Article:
Spokane Journal of Business

Contracts for med school studies set

Consultants to brainstorm on business ideas, setting up graduate medical education

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Contracts for med school studies set
-%u2014Staff photo by Kim Crompton
Greater Spokane Incorporated and a committee on graduate medical education are seeking outside expertise as efforts to plan for a new medical school here continue.

Greater Spokane Incorporated has contracted with a Pittsburgh firm to prepare a business plan for a proposed four-year medical school here, and a committee on graduate medical education has contracted with a Chicago firm for a study on how to provide residency programs needed for the proposed school.

GSI contracted with Tripp Umbach, which earlier this year completed an economic impact study on the proposed school, for the business plan. The earlier study concluded that by 2030 the school would have a total economic impact of $1.6 billion in the Inland Northwest and would support more than 9,200 jobs. The business plan would answer the question, "How do you get to the outcomes?'' in the earlier study, says Rich Hadley, president and CEO of GSI.

Meanwhile, the study on graduate medical education, to be conducted by Huron Consulting Group, will delve into challenges that are complex and difficult, says Dr. John McCarthy, assistant dean for regional affairs of WWAMI Clinical Medical Education-Eastern and Central Washington, with the University of Washington School of Medicine.

WWAMI stands for Washington, Wyoming, Alaska, Montana, and Idaho, the five states that send students to their first year of medical school at five sites around the region. In their second year, the students attend the UW medical school in Seattle, then receive clinical education in their third and fourth years at locations across the five states.

Eastern Washington has just 100 medical residency positions now, including 81 in Spokane, while Washington's West Side has 1,550, says McCarthy, chairman of the committee that commissioned the report.

"There's lots of room for growth" in graduate medical education positions in Eastern Washington, "but there's not a lot of money for growth," he says.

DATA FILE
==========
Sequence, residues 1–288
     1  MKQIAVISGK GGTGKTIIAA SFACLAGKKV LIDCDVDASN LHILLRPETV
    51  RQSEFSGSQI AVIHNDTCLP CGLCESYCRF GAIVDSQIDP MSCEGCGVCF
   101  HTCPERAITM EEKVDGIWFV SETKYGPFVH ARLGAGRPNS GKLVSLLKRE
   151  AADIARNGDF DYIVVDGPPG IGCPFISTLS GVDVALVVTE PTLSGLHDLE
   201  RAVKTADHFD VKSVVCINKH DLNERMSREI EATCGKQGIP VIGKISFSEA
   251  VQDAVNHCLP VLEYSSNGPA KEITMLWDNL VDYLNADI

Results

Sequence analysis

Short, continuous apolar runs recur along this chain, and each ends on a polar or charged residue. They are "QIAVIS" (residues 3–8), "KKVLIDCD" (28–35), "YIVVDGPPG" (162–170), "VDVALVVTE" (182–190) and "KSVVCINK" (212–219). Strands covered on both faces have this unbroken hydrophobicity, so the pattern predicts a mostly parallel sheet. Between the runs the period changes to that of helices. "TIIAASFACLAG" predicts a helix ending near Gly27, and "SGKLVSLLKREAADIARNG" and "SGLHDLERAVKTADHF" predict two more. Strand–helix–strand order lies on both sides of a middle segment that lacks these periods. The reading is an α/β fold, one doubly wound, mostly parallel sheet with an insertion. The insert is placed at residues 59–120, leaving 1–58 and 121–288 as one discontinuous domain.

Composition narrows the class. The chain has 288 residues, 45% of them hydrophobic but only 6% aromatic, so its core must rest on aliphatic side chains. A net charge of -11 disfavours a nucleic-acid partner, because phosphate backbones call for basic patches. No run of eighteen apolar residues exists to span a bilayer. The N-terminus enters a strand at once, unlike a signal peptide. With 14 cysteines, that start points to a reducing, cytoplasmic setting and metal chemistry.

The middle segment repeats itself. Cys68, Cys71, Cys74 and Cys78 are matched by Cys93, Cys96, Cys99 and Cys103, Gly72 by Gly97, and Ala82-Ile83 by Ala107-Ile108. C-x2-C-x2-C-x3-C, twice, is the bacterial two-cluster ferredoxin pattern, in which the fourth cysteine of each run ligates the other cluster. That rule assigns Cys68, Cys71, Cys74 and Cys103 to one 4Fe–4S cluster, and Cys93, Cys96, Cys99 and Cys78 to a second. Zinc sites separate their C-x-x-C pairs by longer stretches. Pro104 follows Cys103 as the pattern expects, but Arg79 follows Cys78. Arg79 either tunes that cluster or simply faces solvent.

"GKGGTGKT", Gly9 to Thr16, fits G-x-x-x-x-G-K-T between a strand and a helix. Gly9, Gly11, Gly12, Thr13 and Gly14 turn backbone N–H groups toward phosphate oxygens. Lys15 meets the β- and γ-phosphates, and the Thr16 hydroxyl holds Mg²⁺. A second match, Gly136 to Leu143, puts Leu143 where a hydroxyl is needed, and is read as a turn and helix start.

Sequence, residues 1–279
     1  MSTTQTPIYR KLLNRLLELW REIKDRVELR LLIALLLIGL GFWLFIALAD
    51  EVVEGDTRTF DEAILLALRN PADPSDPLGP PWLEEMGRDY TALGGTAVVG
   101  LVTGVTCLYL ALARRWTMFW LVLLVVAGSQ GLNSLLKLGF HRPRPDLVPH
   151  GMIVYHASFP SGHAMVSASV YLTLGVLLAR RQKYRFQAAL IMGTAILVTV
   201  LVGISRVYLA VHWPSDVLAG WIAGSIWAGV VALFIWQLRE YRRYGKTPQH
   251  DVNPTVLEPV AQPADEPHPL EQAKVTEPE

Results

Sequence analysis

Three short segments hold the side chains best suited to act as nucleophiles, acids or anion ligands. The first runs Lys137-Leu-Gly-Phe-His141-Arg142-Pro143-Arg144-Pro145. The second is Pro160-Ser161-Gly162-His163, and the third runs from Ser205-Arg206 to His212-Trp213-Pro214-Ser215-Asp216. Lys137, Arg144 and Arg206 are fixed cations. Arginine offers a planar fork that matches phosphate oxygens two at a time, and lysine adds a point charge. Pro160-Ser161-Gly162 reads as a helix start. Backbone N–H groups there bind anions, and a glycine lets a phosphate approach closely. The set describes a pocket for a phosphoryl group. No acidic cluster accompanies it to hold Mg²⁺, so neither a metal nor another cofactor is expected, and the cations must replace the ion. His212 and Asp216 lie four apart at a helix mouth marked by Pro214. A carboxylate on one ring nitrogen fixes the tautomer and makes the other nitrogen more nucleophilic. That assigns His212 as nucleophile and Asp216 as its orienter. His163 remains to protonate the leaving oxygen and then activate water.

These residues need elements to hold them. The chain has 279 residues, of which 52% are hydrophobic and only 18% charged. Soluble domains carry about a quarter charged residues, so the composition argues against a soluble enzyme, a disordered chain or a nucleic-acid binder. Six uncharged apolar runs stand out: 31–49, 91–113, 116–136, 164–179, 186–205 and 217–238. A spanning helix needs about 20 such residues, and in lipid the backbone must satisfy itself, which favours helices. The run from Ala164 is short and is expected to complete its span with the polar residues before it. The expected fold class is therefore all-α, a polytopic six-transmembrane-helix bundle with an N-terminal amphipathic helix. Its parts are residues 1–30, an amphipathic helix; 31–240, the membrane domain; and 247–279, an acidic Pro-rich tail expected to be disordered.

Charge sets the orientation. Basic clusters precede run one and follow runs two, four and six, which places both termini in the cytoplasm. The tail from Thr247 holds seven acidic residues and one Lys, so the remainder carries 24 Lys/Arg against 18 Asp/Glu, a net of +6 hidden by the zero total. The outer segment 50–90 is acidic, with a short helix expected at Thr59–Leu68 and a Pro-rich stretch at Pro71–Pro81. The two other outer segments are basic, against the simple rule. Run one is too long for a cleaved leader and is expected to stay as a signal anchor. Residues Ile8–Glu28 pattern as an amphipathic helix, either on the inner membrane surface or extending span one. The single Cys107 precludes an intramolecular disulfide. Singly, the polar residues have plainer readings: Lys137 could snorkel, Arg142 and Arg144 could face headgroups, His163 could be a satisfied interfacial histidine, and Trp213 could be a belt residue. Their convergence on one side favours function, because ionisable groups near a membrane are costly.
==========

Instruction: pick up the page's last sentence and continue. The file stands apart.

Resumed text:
The estimates for what it would cost to start a single residency position vary widely, but it's costly, McCarthy says. He says graduate medical education is funded by Medicare, and many of the expenses for it turn up in the budgets of hospitals, where residents often spend lots of time.

If the WWAMI program in Spokane were converted into a four-year branch of the UW medical school, as a task force has said is feasible, enrollment of first-year medical students here would go up, likely to at least 80 students from 20. Hundreds of graduate medical education positions would have to be created for third- and fourth-year students, perhaps giving Eastern Washington a total of 400 to 500 such positions ideally, McCarthy says.

Meanwhile, different medical specialties require students to spend varying amounts of time getting different types of clinical experience, which helps make providing graduate medical education incredibly complex, he says.

"In order to pull this off, you're going to have to have political will and medical society will," McCarthy says.

When the task force concluded last year that it's feasible to expand the program here, a second task force reported that a survey of the Spokane County Medical Society found that 40 percent of its physicians already were involved in medical education in some capacity. A report said, "Of those not currently involved in medical student education, nearly 75 percent would like to be involved."

In addition to the financial and other challenges of setting up an adequate residency network in Eastern Washington, "having what I call a culture of graduate medical education is the other part," McCarthy says.

Yet, some physicians, when asked to participate in graduate medical education, say, "I don't know how to do it. I don't feel I'm competent. I don't know how to teach," McCarthy says. He adds that most physicians who become involved in medical education do it well.

Meanwhile, at least one crack has shown up in the graduate medical education system here that already has been set up, as three residency positions that had been available earlier in psychiatry aren't available this year, McCarthy says.

Also, the transition in ownership of Deaconess Medical Center and Valley Hospital & Medical Center, from a nonprofit to shareholder-owned Community Health Systems Inc., will raise challenges, McCarthy says.

"Education is not a moneymaker," and shareholders invest in stocks to make money, he says. "There's concern about how this is going to work. At some level that's part of the breakdown of the psychiatry thing."